Flames billowed from the rune-etched walls of the Talisman of Vaul and the rumbling beat of the ancient structure’s heart tearing itself apart filled the air. Violent tremors rocked the chamber and obsidian shards detached from the ceiling, crashing down around the figure kneeling at its center. Clad in battered black armour with a flowing bone-coloured cloak, he placed a hand on the forehead of a body lying before him, its limbs twisted and broken. His helmeted head was bowed with sadness as the floor tilted and sparks flew from the ruptured ceiling.

“Forgive me for leading you to this”, whispered Eldrad Ulthran, Farseer of Ulthwe, raising his head to take one last look at the glassy display wall. He could see whipping darkness and smashing into the Talisman of Vaul’s hull like blows from the gods themselves. Crescent-shaped starships that had not known the touch of starlight for uncounted aeons surrounded the ancient star fort, hammering it with powerful energies and ripping it to pieces.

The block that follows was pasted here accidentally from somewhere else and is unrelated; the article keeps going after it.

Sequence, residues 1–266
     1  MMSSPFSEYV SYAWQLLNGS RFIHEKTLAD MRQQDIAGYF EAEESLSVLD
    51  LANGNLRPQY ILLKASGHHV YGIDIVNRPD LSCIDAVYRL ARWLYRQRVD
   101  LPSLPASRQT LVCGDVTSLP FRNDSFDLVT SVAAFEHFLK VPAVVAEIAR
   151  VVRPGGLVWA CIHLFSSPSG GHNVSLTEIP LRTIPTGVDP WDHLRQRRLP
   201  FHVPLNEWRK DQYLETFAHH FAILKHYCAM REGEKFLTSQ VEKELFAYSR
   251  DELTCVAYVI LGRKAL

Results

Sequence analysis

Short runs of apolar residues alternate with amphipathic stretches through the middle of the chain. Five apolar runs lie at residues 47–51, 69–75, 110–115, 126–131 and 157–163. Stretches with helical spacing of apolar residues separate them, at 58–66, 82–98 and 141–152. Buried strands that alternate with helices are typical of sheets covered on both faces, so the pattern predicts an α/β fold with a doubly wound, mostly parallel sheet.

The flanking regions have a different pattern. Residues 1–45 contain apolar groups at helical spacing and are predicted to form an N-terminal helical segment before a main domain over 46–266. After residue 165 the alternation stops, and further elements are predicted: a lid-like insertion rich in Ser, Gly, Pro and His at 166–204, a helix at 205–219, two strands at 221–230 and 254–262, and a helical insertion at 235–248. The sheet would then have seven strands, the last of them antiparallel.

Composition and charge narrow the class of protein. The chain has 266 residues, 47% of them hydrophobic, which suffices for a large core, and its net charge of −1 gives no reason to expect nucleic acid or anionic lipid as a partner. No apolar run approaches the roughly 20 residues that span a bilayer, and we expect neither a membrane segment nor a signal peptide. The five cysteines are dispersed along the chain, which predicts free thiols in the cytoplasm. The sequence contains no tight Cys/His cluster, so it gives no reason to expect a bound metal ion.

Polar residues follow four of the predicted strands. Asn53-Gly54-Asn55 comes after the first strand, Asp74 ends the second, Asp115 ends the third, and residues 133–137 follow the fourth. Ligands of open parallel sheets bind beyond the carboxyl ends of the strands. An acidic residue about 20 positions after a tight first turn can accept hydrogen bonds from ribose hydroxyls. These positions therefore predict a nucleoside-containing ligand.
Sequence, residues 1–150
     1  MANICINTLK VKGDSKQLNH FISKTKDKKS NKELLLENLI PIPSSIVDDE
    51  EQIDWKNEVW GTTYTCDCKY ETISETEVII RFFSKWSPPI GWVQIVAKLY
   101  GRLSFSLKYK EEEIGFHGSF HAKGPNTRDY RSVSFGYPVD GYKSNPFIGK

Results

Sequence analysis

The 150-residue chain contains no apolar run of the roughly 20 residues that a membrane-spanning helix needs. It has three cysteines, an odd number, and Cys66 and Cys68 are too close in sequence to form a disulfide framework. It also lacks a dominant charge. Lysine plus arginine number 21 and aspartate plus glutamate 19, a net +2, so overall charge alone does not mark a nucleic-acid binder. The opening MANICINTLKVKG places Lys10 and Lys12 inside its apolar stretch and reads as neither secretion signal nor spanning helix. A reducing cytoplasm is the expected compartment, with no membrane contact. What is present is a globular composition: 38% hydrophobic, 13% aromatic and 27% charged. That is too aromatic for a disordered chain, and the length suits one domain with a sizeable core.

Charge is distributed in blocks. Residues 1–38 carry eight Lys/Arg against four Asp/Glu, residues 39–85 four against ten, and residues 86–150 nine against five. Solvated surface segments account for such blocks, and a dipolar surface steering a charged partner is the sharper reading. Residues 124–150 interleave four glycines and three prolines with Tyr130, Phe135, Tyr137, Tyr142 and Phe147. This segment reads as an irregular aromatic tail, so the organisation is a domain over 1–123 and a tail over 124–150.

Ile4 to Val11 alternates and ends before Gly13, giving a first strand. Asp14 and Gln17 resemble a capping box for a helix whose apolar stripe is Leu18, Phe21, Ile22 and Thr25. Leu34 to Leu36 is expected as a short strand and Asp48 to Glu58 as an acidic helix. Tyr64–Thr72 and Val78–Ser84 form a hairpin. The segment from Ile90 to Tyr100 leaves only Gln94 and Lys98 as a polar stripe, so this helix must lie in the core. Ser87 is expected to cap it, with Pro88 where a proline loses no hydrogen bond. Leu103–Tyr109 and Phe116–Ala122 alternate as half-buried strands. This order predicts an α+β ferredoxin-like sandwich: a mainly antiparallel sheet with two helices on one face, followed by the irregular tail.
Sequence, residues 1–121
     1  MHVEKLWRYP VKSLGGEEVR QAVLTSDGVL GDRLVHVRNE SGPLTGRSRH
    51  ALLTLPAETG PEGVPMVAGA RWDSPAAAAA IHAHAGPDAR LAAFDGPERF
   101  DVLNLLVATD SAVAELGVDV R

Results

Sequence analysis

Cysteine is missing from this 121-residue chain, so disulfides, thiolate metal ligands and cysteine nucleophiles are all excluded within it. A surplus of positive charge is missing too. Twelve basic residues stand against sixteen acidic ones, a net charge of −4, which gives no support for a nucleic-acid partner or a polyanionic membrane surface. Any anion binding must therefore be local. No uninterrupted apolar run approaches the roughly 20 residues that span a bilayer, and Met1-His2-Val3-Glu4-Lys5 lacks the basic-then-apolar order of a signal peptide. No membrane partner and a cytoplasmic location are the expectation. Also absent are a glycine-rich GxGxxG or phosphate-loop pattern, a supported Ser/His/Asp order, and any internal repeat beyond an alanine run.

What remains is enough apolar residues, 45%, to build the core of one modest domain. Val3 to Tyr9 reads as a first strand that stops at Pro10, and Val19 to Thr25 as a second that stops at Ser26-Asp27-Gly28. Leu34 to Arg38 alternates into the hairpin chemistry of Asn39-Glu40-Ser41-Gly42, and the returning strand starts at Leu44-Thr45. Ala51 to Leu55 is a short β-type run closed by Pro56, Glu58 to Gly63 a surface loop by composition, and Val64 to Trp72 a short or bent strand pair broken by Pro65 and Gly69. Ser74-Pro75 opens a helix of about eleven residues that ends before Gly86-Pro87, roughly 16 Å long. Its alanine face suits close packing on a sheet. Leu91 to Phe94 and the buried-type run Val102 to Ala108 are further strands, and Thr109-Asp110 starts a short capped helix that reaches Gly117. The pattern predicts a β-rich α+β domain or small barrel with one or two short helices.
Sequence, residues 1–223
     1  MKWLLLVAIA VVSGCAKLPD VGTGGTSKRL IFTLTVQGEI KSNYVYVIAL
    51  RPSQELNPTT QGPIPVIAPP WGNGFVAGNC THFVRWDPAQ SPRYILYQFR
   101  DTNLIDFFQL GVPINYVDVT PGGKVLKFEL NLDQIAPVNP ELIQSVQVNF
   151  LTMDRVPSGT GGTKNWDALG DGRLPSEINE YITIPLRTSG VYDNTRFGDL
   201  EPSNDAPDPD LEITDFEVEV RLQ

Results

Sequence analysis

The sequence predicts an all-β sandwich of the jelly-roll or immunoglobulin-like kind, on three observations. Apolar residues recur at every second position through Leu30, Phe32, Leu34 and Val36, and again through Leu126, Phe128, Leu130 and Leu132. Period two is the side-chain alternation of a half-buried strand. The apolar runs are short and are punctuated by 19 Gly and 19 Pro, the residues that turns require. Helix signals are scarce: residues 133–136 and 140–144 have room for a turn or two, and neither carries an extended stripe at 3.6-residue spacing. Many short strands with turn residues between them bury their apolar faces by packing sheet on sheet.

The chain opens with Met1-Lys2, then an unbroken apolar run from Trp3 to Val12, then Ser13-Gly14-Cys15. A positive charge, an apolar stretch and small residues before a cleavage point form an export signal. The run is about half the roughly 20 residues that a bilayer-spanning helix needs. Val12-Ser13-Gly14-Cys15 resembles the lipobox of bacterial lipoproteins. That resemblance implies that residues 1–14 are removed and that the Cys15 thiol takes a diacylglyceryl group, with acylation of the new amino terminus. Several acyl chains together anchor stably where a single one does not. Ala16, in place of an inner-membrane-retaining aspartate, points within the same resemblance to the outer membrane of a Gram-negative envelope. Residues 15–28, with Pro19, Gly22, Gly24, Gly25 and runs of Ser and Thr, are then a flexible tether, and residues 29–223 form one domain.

Even though he had foreseen their involvement here, he still shuddered to look upon the craft of the ancient enemy. Beyond even them, distant flares and streaks of light spoke of furious battle raging in the cold dark of space. But dominating the display, filling the base of the wall was the Guardian world – the one the Mon-Keigh called Cadia. Its mountains burned and its seas boiled as the column of fire from the Talisman of Vaul destroyed everything in its path.

Eldrad closed his eyes and tried once more to follow the strands of Fate that had led him here to see what lay beyond. But there was nothing, nothing at all.

Only darkness.

One month earlier…


The tac-logis map displayed on the holo-slate showed nothing but bad news, and Ursarkar Creed knew it would only get worse before it got any better. The forces of the Arch-enemy were pushing hard at the banks of the Viklas and the Cadus, where the Departmento Munitorum Engineer corps had thrown up a massive series of earthworks and batteries for the guns of the Siege Auxillia Corps. The Knovian Gharkas were holding well on the south-eastern front, earning their reputation as brutal close-combat specialists, but without heavy armour support, they were taking a fearful punishment from the enemy artillery.